From the Center for Peripheral Studies (OAC Branch). After Lance, the sky's the limit!

The papers discussed in our online seminars are often excellent, but this one is apocalyptic, as well as being an exercise in fine writing. Lee Drummond was once a Chicago anthropology PhD specialising in the Caribbean and later in San Diego's tourist attractions. He taught at McGill University for over a decade before retiring to the wilderness (Palm Springs!). July and August there are his winter when he withdraws into his airconditioned study to avoid the heat. The OAC is a principal beneficiary of this aestivation, as witnessed by the paper attached here. All I can say is you gotta read it, whether or not you participate in the seminar.

Lee's point of departure is Lance Armstrong's confession on the Oprah Winfrey show. The man who perhaps deserves to be known as the greatest American athlete ever admitted taking performance enhancing drugs, thereby triggering an intense public outcry. Lee deconstructs what he takes to be a key feature of the American ideology, the opposition of nature to culture, showing that biology and technology have been inextricably woven together throughout human evolution and even before. If it is impossible to identify the unequal influence of technology in sporting performance, what about other areas of cultural achievement, like literature for example? Should Hemingway's Nobel prize be taken away or Coleridge's poetry eliminated from the canon because they wrote under the influence of mind-altering substances?

Not content with this reductio ad absurdum, Lee then launches into a savage critique of American civilization and of the cultural anthropology it has spawned. Drawing on Marx's happy phrasing in the 18th Brumaire, he argues that the American tragedy (New World genocide) now reappears as farce (reality TV shows), one of which actually replayed the former in a grotesque reenactment of the competitive ideal. Anthropology tends to celebrate cultural achievement around the world, whereas in Lee's view, the current state of American society suggests that culture may be a disease killing off its carriers just as their ancestors once killed off the original inhabitants of what passes for the land of the American dream.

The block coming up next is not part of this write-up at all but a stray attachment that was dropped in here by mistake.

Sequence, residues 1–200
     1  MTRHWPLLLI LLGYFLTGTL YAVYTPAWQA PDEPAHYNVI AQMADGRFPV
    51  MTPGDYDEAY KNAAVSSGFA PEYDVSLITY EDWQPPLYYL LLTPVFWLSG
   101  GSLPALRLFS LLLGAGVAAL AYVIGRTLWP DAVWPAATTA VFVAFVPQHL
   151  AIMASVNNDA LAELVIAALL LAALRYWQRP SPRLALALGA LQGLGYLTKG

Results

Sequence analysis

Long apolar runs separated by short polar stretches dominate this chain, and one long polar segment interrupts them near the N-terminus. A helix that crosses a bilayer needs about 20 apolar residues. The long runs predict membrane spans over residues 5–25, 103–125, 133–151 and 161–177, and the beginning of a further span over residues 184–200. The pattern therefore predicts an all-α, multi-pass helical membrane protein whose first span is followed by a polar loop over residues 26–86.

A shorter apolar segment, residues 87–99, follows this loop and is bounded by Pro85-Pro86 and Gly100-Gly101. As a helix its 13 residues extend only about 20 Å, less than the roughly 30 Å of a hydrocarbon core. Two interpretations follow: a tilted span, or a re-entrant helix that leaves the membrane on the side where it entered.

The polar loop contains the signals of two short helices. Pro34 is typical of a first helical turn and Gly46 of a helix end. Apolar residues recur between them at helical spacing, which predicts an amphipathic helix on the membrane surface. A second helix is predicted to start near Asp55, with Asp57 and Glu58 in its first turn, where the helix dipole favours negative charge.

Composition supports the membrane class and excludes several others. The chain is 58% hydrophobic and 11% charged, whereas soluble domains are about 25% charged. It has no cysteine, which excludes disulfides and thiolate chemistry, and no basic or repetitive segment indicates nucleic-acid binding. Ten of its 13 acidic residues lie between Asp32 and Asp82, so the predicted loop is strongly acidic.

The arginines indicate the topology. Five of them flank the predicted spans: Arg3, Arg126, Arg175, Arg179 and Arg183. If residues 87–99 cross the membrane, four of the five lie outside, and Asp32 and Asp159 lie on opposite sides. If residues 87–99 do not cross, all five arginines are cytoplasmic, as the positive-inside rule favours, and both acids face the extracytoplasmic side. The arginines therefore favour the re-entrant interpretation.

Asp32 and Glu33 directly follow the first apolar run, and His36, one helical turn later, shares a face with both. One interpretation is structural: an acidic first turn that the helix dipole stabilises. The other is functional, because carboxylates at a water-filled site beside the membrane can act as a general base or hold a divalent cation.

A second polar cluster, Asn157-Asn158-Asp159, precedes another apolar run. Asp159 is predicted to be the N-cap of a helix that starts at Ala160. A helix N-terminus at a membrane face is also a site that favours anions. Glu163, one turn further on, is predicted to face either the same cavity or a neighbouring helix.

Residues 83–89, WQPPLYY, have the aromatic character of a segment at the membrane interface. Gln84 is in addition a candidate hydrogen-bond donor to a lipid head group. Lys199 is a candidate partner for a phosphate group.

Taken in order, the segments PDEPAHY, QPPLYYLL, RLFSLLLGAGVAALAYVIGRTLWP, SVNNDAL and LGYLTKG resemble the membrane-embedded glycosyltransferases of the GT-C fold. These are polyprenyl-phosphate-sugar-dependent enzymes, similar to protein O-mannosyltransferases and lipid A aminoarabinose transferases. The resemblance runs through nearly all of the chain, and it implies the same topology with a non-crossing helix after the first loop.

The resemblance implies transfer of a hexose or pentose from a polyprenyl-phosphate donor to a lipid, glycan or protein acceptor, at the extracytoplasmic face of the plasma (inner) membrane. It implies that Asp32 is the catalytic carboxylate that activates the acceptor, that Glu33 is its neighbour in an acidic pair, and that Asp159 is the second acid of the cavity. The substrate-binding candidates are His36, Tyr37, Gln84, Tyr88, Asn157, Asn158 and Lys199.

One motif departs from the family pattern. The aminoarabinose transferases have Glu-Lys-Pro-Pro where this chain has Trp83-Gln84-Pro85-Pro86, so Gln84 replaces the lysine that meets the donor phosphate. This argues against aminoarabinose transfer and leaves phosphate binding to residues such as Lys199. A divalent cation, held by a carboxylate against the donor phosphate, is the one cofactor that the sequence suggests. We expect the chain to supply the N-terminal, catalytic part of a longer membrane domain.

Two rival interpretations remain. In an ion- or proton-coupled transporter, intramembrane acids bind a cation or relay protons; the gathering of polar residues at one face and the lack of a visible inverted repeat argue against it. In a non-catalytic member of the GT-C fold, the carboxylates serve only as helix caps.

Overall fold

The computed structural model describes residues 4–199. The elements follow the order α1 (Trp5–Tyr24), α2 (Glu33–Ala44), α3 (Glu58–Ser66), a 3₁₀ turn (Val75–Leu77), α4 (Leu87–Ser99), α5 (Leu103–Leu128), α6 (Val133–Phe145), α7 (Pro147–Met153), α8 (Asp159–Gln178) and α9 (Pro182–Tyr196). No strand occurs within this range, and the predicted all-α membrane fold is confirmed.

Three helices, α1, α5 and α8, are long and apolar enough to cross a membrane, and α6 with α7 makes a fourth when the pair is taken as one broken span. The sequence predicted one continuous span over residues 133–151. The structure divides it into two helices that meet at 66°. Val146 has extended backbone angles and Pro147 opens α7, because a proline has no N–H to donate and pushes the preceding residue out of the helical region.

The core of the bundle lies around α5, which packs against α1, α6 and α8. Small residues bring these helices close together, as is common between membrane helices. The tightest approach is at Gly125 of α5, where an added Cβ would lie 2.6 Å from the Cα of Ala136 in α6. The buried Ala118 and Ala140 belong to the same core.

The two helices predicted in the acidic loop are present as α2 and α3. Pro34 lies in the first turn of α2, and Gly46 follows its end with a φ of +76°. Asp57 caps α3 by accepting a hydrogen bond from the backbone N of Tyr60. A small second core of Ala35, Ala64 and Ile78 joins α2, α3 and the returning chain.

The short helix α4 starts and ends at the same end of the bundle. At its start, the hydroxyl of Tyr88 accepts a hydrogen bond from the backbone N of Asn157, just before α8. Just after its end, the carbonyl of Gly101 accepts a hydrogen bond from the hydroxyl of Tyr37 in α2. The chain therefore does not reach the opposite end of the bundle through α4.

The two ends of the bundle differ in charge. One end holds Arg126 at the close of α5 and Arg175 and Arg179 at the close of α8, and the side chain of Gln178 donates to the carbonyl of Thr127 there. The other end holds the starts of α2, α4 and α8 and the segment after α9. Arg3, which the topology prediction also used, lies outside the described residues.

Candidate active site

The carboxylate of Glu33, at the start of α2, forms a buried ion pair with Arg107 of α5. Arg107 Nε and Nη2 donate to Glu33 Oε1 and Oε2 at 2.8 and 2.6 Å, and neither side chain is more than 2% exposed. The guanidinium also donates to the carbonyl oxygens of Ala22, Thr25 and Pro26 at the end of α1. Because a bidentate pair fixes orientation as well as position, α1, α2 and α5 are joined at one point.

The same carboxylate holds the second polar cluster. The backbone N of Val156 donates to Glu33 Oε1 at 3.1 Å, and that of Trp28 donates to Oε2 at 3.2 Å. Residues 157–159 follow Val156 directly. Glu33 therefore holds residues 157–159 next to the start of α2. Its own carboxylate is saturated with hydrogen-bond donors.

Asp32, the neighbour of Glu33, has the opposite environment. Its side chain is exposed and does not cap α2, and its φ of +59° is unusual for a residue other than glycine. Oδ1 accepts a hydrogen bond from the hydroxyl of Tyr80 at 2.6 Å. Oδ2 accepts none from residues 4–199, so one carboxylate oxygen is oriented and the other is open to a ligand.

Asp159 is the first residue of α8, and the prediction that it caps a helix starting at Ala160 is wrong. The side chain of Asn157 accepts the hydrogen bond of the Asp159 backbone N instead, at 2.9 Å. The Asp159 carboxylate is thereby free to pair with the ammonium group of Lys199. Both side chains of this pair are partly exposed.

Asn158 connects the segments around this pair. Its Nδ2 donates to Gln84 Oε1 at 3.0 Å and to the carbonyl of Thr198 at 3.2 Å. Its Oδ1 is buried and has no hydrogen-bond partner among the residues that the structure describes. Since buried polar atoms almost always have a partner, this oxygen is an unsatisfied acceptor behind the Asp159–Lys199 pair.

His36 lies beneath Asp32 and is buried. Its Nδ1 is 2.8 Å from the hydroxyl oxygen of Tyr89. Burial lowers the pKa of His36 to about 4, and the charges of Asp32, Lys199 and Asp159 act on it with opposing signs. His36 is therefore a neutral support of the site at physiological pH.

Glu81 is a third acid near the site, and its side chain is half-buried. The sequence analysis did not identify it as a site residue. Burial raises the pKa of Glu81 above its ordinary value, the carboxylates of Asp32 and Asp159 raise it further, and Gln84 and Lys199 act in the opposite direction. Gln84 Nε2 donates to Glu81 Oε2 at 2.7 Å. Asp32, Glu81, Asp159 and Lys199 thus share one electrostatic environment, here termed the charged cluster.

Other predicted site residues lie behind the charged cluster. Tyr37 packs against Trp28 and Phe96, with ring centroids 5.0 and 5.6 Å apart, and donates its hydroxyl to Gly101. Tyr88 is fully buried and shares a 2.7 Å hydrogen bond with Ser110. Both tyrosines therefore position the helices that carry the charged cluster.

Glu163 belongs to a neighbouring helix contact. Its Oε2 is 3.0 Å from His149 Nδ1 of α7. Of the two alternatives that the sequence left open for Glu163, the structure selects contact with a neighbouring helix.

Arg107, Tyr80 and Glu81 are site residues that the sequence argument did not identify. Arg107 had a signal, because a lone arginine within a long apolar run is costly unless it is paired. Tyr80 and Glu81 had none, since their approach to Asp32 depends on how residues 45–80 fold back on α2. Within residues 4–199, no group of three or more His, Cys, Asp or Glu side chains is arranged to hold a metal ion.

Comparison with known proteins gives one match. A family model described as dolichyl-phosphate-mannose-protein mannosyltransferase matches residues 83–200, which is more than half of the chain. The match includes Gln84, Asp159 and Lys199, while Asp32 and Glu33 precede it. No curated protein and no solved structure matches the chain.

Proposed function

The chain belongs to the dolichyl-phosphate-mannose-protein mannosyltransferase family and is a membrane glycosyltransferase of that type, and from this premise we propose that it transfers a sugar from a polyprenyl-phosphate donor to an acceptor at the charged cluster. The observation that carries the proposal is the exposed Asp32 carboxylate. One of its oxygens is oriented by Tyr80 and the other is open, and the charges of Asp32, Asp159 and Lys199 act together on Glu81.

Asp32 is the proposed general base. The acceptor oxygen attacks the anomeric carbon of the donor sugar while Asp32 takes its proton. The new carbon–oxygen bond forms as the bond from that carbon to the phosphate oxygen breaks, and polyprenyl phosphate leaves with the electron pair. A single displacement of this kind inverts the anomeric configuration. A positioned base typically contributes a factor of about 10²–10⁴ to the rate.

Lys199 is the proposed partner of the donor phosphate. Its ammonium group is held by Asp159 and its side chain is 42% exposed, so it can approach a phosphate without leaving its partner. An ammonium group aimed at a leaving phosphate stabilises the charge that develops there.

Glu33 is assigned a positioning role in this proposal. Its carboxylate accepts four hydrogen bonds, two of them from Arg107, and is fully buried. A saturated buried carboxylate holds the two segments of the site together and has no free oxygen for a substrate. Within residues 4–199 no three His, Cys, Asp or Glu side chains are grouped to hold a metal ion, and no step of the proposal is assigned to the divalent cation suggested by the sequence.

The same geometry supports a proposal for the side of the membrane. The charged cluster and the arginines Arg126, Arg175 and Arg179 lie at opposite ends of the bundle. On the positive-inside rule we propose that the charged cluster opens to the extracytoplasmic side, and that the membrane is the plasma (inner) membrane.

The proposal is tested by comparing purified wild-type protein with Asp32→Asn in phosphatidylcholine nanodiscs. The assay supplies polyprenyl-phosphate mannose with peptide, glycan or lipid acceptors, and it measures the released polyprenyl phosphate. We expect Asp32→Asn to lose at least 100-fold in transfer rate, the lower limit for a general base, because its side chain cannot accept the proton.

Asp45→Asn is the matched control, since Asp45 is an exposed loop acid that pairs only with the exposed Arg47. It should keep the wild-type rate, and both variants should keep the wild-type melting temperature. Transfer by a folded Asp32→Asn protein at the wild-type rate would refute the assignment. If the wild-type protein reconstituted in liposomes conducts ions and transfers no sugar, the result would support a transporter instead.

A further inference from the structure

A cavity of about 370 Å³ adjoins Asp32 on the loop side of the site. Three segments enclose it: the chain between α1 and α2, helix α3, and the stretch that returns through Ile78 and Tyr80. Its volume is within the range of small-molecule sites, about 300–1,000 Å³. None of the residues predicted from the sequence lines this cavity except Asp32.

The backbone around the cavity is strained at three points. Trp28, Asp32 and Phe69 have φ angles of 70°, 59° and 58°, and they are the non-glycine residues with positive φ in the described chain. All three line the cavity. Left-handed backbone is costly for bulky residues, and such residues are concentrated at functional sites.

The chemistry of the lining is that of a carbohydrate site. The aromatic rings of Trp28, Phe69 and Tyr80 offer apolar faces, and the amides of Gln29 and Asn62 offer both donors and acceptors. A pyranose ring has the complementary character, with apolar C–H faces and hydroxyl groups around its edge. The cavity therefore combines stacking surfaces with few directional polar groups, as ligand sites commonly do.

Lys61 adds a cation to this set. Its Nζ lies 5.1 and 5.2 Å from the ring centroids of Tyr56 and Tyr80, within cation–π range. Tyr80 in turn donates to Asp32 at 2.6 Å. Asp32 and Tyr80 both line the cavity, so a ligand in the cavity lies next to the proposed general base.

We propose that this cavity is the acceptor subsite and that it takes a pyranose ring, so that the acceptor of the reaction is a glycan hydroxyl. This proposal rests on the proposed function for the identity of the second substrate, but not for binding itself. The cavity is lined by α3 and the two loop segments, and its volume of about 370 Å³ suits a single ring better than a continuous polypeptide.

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[Reply #1069]

Social science (as we knew it) is DEAD -- long live the KING . . . !! <g>

Anthropology -- dead (as reflected in the Bruno Latour AAA apparition and the death of OAC).  Economics -- dead (as reflected in the actual death of Ronald Coase before he could implement his "Saving Economics from the Economists" manifesto.)  Sociology -- dead.  (Cognitive) Psychology -- dead.  Political Science -- dead.

Why?

These were activities that were initially formulated under RADIO conditions (i.e. Freud, Boas, Parsons, Keynes etc), which were then re-formulated under TELEVISION conditions (i.e. Spock, Geertz, Bateson, Freedman etc) and are now experiencing the DEATH of *television* as an environment.  Dead -- so now the topic of cliches.

The ENVIRONMENT *caused* by digital technologies has KILLED the "television stars" (just as "Video killed the radio stars" before it -- http://en.wikipedia.org/wiki/Video_Killed_the_Radio_Star)

Keith is, as best I can tell, a *radio* era sorta guy.  Lots of CLR James (1901-1989) and Karl Polanyi (1886-1964). All versions of radio-thinking.  Perhaps Africa (or at least the ANC's version of it) is also a *radio* sorta place?

All this recent discussion about FANTASY is "television-talk."  John is a Japanese ad-man (i.e. a television sorta guy.)  Lee obsesses over what happened to Lance Armstrong on the Oprah Show (i.e. like much of his work, it is commentary about what appears on television.)  Louise likes to talk about people who "become" the television characters she finds so fascinating.

But TELEVISION is also now dead . . . !!

Whatever happens to Social Science (and the OAC etc) has to take this into account.  The fact that no one wants to maintain a DIGITAL website that has "devolved" into a discussion about *television* is understandable.